A Simple Life, a Childlike Faith

A Simple Life, a Childlike Faith


A Small Word

posted by Linda G. Howard

I was raised in a denomination that is currently being accused of worshiping the Bible.  Understand, I don’t remember ever being told that the scriptures were co-equal in importance with the Godhead.  What I do remember is a strong emphasis on daily Bible reading.  In my mind, there was an equal emphasis with studying and meditating on passages of the Bible.  I concluded this because I could tell the difference in the teaching of people who were serious about Bible study.  As I approached adulthood, reading and studying the Bible became an important discipline in my life.

Therefore, for more than 40 years, I’ve read through the Bible at least once each year.  Some years, I would read through the New Testament every month and the Old Testament each year.  Yet, during the past four or five years, this daily exercise has been a terrible struggle for me.  At first I wasn’t particularly disturbed, I’ve felt study and reading the scriptures was a part of training that needed to be done and it wasn’t necessary to enjoy it.  Nevertheless, I did miss the joy I’d always had in discovering new and exciting nuggets hidden in some overlooked and obscure portions of the Bible.

I still understood the benefits of daily reading and study.  However, it seemed that everything was a deterrent to me.  In fact, there was almost a bitterness in my mouth each time I would open up the Scriptures.  This greatly disturbed me and I prayed that the Lord would take it from me.  However, it persisted for at least five years.

Even though a struggle, I consistently read through the Scriptures each year.  Then a most wonderful thing happened last January.  One evening, I thought, “I need to go to bed and read.  This is the most important thing I’ve done all day.”  Without the bitterness or tension, that I’d become accustomed to feeling, I got up, went to bed and read my Bible.

Every night since then, I’ve been able to read my Bible before I go to sleep.  Yes, some nights I fall asleep reading but I continue until I’ve finished.  Some evenings, I tell myself, “I’ll read and then I can get back up and finish my project.”  Then I speak to myself, “This is the most important thing you will do today.”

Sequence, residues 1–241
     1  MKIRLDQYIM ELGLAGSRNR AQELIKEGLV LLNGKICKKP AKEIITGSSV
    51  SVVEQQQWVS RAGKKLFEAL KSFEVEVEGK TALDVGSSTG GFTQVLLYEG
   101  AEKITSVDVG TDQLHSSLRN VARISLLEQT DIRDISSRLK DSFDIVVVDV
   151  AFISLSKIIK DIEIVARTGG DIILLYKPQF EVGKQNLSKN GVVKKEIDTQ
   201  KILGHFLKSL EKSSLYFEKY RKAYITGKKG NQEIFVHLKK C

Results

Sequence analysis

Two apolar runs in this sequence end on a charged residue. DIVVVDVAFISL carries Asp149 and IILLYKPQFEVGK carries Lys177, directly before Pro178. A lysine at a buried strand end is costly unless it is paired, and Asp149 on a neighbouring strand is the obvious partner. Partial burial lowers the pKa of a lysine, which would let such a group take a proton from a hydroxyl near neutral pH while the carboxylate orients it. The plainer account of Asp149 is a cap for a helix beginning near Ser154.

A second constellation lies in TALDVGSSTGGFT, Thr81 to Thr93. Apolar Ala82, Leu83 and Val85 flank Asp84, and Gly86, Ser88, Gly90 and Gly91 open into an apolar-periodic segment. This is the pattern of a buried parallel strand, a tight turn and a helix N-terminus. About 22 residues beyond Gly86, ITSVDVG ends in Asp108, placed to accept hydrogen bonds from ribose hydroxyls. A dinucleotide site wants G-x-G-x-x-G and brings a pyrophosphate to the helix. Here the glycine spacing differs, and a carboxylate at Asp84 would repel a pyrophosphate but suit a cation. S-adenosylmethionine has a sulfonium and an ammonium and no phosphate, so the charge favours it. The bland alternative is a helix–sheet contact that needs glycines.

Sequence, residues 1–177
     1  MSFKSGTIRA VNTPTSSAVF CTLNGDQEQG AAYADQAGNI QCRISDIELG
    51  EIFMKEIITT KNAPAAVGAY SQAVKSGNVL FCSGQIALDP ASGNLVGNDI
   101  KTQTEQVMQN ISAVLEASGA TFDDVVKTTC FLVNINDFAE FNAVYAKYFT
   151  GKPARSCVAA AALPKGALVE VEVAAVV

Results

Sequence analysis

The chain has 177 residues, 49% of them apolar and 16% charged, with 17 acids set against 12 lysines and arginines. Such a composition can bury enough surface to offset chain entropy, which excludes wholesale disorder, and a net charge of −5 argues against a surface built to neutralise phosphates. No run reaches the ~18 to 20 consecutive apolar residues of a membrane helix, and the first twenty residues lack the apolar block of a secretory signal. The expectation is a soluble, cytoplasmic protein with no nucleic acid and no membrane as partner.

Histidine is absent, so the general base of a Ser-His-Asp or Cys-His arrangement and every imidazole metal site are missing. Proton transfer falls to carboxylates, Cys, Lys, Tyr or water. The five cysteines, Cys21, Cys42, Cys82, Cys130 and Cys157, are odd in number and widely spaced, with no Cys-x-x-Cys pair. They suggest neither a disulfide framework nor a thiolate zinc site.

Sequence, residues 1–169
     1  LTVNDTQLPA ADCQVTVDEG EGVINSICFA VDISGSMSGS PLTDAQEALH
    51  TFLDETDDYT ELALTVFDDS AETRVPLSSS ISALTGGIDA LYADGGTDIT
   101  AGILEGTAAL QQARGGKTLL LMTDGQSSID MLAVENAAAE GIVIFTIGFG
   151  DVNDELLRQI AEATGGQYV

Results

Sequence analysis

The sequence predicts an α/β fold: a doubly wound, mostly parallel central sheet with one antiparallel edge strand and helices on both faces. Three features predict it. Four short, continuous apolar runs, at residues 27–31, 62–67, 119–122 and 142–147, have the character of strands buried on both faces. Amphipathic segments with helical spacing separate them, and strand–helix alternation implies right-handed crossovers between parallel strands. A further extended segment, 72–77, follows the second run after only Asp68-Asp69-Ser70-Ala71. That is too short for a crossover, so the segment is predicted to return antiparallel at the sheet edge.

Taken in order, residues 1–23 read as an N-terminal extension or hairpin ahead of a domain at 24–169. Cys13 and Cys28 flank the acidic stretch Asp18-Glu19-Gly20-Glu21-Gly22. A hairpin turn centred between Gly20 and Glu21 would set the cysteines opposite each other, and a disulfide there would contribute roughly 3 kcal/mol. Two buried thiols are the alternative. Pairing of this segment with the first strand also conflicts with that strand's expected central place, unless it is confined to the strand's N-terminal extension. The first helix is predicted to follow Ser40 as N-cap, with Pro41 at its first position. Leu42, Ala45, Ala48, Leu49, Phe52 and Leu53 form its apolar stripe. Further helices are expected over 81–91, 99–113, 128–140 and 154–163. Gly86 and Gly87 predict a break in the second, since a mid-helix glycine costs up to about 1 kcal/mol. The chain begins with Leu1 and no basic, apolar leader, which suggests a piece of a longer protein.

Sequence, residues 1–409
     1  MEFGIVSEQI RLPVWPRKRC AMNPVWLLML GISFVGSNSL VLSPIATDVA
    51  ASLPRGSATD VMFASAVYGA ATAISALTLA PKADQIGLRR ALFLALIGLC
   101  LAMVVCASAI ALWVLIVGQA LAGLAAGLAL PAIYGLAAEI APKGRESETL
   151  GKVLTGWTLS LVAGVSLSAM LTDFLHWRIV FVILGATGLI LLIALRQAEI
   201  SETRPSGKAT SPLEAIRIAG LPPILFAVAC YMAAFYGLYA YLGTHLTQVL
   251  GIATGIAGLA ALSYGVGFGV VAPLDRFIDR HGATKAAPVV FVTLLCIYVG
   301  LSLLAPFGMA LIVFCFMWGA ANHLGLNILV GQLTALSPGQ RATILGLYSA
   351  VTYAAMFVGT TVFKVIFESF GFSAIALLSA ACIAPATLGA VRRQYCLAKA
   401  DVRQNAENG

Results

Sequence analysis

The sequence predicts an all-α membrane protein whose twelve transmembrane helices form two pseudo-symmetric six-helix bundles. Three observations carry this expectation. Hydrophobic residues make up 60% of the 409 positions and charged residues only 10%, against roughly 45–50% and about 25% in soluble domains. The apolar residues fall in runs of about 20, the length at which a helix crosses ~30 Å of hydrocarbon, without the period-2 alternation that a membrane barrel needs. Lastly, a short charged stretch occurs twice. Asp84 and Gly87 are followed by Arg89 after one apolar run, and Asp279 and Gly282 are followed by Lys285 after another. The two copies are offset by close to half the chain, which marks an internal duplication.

Such a simple word has taken away the bitter taste and the hesitancy with which I’d struggled.  For me, it’s a real miracle, giving me back one of the true joys of my life–reading God’s word and hearing Him speak to me with revelations and hidden treasures.

It is hard to recount how many simple words of truth have changed my life by inches.  Most of the time, other people have spoken those simple words of truth to me.  My mother, a Bible teacher, a loving friend, my children.  My first memory of this happening was when I was seven years old, a substitute Sunday school teacher chose me first to give me the new Bible study quarterly.  I was the middle child.  I’d never been first in my life.  It was a thrilling experience and a turning point in my young life.  God used that lady to let me know that I was important to him.  I’m going to find her in heaven some day and thank her.

In working with people who are developmentally disabled, we are usually working with folks who don’t expect much from God or society.  You can give them simple words of hope, joy and release.  Simple, loving words can change lives.

How many simple things do you do that help to change the lives of your co-worker?  your friends?  your family?  How often are you the vehicle that reaches out and says to a person who never expects to be first, “You are important to God”?

Photos:  Reading the Bible by Micah Boy and Young Woman Reading Bible by J. D. Gregory



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